The basic format of the statement of cash flows is shown below.


    Statement of Cash Flows


    Cash flows from operating activities……………..           $XXX

    Cash flows from investing activities……………..             XXX

    Cash flows from financing activities……………..             XXX

    Net increase (decrease) in cash………………….             XXX

    Cash at beginning of year………………………….             XXX

    Cash at end of year………………………………….           $XXX

    The statement of cash flow’s value is that it helps users evaluate liquidity, solvency, and financial flexibility.

    The information to prepare the statement of cash flows comes from three sources: (a) comparative balance sheets, (b) the current income statement, and (c) selected transaction data. Preparation of the statement of cash flows involves the following steps.


    1. Determine the cash provided by operations.
    2. Determine the cash provided by or used in investing and financing activities.
    3. Determine the change (increase or decrease) in cash during the period.
    4. Reconcile the change in cash with the beginning and the ending cash balances.

    The information included in this chapter on the preparation of the statement of cash flows provides a basic introduction to the concepts involved. A complete and detailed presentation of the statement of cash flows is found in Chapter 23 of the text.

    Usefulness of the Statement of Cash Flows

    Creditors look for answers to the following questions in the company’s cash flow statement:

    1. How successful is the company in generating net cash provided by operating activities?
    2. What are the trends in net cash flow provided by operating activities over time?
    3. What are the major reasons for the positive or negative net cash provided by operating activities?

    Financial Liquidity

    The current cash debt coverage indicates whether the company can pay off its current liabilities from its operations in a given year.


    Net Cash Provided by Operating Activities=Current Cash Debt Coverage
    Average Current Liabilities


    Financial Flexibility

    The cash debt coverage measures a company’s ability to repay its liabilities from net cash provided by operating activities.


    Net Cash Provided by Operating Activities=Cash Debt Coverage
    Average Total Liabilities

    Free Cash Flow

    Free cash flow is the amount of discretionary cash flow a company has for purchasing additional investments, retiring its debt, purchasing treasury stock, or simply adding to its liquidity.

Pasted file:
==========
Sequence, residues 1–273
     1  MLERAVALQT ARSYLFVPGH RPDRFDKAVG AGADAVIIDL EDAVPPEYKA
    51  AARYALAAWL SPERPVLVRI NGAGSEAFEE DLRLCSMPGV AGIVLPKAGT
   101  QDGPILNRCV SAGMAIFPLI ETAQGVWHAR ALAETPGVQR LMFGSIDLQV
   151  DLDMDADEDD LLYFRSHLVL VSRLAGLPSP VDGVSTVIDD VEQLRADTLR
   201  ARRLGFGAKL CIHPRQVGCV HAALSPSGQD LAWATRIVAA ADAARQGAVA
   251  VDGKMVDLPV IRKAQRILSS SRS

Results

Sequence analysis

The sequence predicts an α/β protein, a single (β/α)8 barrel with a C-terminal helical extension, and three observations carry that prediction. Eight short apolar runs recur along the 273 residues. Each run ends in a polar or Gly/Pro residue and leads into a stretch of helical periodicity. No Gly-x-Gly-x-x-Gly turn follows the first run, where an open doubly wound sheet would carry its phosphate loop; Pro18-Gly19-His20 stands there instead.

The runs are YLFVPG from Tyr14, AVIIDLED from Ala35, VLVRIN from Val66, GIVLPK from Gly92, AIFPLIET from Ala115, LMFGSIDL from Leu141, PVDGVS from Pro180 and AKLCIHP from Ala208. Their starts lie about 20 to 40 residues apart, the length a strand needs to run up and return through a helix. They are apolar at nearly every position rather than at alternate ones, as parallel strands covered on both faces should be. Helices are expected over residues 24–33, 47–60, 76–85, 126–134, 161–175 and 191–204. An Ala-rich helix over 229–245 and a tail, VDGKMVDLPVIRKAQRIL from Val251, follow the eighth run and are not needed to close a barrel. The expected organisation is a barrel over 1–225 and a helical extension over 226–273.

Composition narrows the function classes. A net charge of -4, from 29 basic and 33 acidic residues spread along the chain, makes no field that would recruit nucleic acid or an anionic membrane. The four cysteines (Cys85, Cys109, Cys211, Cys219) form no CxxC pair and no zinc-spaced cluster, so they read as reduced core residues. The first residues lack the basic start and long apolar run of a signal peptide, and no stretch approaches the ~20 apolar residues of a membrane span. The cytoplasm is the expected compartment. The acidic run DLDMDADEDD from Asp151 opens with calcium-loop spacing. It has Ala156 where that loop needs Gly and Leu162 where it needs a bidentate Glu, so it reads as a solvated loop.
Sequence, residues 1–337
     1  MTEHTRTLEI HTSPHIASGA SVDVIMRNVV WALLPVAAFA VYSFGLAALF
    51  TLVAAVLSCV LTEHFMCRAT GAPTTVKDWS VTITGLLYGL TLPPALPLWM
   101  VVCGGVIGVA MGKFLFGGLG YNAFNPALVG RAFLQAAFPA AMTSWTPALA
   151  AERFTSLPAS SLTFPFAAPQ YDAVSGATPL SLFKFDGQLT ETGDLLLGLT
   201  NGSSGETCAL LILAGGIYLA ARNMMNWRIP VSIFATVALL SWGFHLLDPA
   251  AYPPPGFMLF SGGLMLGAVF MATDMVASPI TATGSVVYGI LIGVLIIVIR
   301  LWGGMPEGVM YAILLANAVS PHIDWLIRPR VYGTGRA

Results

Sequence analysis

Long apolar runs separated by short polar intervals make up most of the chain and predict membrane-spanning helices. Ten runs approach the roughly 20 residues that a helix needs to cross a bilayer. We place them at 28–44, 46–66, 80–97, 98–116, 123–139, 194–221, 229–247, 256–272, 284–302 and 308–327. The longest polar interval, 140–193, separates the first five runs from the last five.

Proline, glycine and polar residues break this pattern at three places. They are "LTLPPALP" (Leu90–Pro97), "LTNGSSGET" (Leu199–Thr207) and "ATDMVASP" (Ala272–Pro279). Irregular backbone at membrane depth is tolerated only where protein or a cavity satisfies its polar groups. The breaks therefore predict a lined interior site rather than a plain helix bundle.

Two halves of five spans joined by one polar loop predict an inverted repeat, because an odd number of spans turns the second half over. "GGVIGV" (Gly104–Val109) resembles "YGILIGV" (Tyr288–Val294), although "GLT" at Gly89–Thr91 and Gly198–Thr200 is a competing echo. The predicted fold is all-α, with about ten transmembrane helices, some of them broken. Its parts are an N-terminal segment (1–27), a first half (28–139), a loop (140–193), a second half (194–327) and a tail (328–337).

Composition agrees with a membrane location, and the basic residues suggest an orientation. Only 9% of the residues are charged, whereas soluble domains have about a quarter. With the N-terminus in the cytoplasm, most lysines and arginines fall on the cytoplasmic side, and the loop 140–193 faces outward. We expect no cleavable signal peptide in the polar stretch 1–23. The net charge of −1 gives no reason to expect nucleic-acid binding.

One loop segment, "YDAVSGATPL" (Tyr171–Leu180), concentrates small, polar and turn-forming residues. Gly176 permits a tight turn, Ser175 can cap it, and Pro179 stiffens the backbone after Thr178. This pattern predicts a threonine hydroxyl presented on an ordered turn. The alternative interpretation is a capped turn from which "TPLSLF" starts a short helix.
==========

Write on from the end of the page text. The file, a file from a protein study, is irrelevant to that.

Net Cash Provided by Operating ActivitiesCapital ExpendituresDividends= Free Cash Flow

    Supplemental Disclosure

    Supplemental disclosures related to contingencies, accounting policies, contractual situations, and fair values provide for elaboration or qualification of items listed in the balance sheet.

    A contingency is an existing situation involving uncertainty as to a possible gain (gain contingency) or loss (loss contingency) that will ultimately be resolved when one or more future events occur or fail to occur. In short, they are uncertain occurrences that may have a material effect on financial position.

    The methods used to value assets and allocate costs vary considerably among balance sheet accounts. To help users of the financial statements understand and evaluate financial statement components and their relationships, these valuation methods are normally disclosed in a separate Summary of Significant Accounting Policies preceding the financial statement notes. In addition to contingencies and valuation methods, any contractual situations of significance should be disclosed. These items include pension obligations, lease contracts, stock options, etc.


    Fair Values

    Financial instruments are defined as cash, an ownership interest, or a contractual right to receive, or an obligation to deliver cash or another financial instrument. Companies are to follow a fair value hierarchy that provides insight into how to determine fair values. Level 1 (the most reliable) measures are based on observable inputs, such as market price for identical assets or liabilities. Level 2 (less reliable) measures are based on market-based inputs other than those included in Level 1, such as those based on market prices for similar assets or liabilities. Level 3 (least reliable) measures are based on unobservable inputs, such as a company’s own data or assumptions. In addition, companies must provide significant additional disclosure related to Level 3 measurements.


    Techniques of Disclosure

    Effective communication of the information required to be disclosed in financial statements is an important consideration. Accountants have developed certain methods that have proven useful in disclosing pertinent information. The methods are parenthetical explanations, notes, cross-reference and contra items, and supporting schedules. Numerous examples of the techniques of disclosure are presented in the text.


    The balance sheet should contain descriptive labels that readers will generally understand and clearly interpret. The profession has recommended that companies use the work ‘reserve’ only to describe an appropriation of retained earnings. In addition, the profession has recommended that the use of the work ‘surplus’ be discontinued in the equity section of the balance sheet.